In Debbie Kupinsky’s sculpture “Predation” we are invited into a staged confrontation. The predator and the prey have come to a head, and have nothing left but to stare into each other’s eyes as the tension builds. Both figures have been anthropomorphized, and in doing so Kupinsky has drawn us into the scene in terms we can easily understand. Animals as lens for the examination of human behavior is a motif as old as time, and this is an interesting recontextualization of that narrative.
In discussing the piece itself I’m drawn to the range of textural difference across the piece. The heads are matte bare clay, transitioning into the slightly glossy body. The fur is cut into the clay surface, creating visual and textural interest across the head. I’ve always been intrigued by the interplay between complex and simple surface, and this is no exception. The dark crevices of the broken cast pieces pull you in further, and you can’t help but attempt to discern what these fragments once were.
There are many ways to read into this interaction. For example, this piece may be looking into the relationship of the literal predator and its prey. In this interpretation the anthropomorphic qualities serve mostly as a medium for translation. The opposite is true if one looks at the animal roles for metaphors to explain the behavior of humans. In the case of this sculpture I think both are supported by aspects of the piece, but I personally appreciate the former, as the latter gets into territory associated with sociopaths. I particularly appreciate the handling of each of the characters through this lens. The wolf, usually resigned to play the role of the villain, is depicted as sympathetic. There is no malice in its eyes, just as there is no fear in the eyes of the stag. The two seem to understand their situation, whatever that specific situation may be.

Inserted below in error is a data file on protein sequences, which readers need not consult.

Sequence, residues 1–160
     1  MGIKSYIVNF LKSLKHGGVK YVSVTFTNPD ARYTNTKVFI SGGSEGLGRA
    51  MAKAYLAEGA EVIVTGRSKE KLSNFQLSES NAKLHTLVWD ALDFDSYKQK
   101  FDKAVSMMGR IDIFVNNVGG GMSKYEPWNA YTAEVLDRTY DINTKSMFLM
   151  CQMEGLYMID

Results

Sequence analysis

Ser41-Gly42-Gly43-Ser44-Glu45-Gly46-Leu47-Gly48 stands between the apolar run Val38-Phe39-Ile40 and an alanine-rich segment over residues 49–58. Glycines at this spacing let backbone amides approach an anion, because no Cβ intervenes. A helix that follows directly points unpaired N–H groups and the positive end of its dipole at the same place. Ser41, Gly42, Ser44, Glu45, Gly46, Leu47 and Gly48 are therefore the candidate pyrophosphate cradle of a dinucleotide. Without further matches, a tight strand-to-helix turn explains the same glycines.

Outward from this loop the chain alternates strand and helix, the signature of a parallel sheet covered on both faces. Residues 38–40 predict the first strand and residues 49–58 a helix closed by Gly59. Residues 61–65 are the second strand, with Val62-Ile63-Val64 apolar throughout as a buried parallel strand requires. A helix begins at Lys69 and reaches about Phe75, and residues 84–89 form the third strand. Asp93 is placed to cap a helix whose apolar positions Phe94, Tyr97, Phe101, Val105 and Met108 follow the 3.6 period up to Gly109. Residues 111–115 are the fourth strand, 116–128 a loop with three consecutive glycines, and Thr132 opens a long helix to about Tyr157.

What we’re sure about is that there is a story being told here, and in this ambiguity we find room to imbue these figures with our own narrative. The context provided gives those narratives poignancy, and anchors them in something we can explore and interact with. That is the value of sculpture. It invites us into this dialogue, and without the explicit direction of the artist we’re left to fill in the gaps with our own story.